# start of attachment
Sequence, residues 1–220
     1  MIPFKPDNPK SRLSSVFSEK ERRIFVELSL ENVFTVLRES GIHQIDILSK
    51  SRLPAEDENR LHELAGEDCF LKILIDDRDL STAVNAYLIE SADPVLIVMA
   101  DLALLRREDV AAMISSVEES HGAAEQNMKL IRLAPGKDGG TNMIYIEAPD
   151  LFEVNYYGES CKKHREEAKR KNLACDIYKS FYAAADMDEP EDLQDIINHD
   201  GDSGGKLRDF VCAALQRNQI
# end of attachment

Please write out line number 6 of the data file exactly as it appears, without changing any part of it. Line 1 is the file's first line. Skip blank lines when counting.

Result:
   201  GDSGGKLRDF VCAALQRNQI